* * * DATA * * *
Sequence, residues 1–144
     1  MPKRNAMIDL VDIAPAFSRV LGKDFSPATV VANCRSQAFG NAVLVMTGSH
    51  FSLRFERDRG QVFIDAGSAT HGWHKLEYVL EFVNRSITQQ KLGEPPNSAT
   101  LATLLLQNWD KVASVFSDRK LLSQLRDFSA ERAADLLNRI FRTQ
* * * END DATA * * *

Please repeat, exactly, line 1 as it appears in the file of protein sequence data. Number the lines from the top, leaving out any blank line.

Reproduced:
Sequence, residues 1–144